Nancy Newberry, assistant professor of early childhood education, who teaches at the Louisville Education Center, was a faculty initiate.

The officers of Alpha Epsilon Omicron chapter of Kappa Delta Pi were sworn in as follows: Alena Maggard of Burnside, Ky., president; Devin Reynolds of Campbellsville, vice president; Megan Parson of Greensburg, Ky., secretary; Brent Hatfield of Campbellsville, membership chair;

Paige Thompson of Campbellsville, historian; Courtney Gupton of Knifley, Ky., treasurer; and Kaylynn Best of Harrodsburg, Ky., Student Government Association representative.

Dr. Beverly Ennis, left, and Dr. Carolyn Garrison, co-counselors for the chapter, look over the program
for the initiation. (Campbellsville University Photo by Joan C. McKinney)


Installing the officers were Dr. Carolyn Garrison, professor of education, and Dr. Beverly Ennis, associate professor of education, who serve as co-counselors for the chapter.

Maggard led in the initiation of the members, and Hatfield and Reynolds presented the students’ certificates. Hatfield introduced the guests present, and Best introduced Taylor.

Dr. Donna Hedgepath, associate professor of education, associate dean and chair of the undergraduate program, welcomed the audience and gave an opening prayer. She thanked the families who attended with their students and for the families’ support.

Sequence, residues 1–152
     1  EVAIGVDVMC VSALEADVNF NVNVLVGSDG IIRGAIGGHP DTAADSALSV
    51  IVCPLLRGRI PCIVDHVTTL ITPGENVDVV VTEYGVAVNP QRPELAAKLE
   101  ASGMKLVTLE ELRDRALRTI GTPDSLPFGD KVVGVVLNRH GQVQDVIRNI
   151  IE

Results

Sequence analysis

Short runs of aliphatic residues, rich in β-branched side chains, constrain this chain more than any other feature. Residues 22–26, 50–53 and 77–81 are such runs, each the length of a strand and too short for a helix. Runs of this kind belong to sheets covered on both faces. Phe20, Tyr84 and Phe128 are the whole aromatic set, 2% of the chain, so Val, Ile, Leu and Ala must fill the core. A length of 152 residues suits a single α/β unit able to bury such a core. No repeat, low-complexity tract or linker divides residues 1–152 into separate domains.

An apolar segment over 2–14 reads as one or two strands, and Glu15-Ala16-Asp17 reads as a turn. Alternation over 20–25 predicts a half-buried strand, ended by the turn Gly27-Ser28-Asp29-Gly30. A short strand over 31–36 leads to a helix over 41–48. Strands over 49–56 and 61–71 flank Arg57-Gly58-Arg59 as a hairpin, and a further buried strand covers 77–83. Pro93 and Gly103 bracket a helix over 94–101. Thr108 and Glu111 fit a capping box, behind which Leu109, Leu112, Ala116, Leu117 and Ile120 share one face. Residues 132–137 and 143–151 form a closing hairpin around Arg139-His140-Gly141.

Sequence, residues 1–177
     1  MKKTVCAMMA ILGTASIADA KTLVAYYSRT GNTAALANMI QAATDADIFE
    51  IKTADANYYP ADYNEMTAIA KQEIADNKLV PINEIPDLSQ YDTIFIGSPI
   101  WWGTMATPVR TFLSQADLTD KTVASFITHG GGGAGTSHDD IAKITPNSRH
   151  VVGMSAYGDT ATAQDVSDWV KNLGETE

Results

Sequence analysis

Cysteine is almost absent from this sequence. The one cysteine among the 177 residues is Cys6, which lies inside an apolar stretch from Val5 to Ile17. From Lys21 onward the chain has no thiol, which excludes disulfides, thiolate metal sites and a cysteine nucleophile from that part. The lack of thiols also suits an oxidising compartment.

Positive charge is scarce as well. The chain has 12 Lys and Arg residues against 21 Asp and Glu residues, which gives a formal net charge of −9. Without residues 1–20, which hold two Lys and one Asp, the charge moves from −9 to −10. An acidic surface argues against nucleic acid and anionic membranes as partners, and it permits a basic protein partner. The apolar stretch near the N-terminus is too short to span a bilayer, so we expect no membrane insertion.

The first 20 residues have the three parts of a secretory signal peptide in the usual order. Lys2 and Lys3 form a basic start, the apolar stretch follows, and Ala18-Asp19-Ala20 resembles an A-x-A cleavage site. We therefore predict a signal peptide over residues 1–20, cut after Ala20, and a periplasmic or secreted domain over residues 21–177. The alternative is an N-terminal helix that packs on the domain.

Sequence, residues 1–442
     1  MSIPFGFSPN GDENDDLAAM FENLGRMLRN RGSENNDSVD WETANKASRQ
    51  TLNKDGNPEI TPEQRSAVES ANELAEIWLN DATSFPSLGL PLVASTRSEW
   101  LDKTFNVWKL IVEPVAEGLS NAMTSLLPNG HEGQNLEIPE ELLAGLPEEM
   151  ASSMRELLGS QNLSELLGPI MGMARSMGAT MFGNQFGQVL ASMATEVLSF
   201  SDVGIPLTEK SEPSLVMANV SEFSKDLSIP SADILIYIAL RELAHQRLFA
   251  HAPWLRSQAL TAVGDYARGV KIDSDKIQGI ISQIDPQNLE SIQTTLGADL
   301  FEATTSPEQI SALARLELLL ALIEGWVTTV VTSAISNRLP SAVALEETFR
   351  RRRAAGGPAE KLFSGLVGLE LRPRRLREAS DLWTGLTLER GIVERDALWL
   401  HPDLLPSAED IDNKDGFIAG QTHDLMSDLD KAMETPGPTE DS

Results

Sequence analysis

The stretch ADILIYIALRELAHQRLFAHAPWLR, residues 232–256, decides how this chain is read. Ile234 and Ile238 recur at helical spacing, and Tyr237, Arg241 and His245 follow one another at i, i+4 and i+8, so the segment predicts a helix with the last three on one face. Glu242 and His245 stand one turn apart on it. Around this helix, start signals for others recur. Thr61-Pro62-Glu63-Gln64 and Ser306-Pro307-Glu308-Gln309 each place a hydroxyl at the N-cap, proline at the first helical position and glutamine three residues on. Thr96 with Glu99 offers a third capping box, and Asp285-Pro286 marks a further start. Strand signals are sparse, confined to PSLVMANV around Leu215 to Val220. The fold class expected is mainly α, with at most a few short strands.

Thompson gave a history of KDP, which began in 1911 at the University of Illinois. She said KDP was established to foster excellence in education and promote fellowship among those dedicated to teaching. The founders chose the name from the Greek words to represent knowledge, duty and power.

She said there are 600 chapters and more than 45,000 members in the international organization. For more information about KDP, go to

The Rock of Ages Gospel performed special music. Members include: Brooke Gupton, CU financial aid counselor for regional and online programs, vocalist; Jerry Bagby, vocalist/guitar; Josh Gupton, vocalist/piano; Aron Neil, percussion, and Philip Price, bass guitar.

Campbellsville University is a Kentucky-based Christian university with over 3,600 students offering 63 undergraduate programs, 17 master’s degrees and five postgraduate areas. The website for complete information is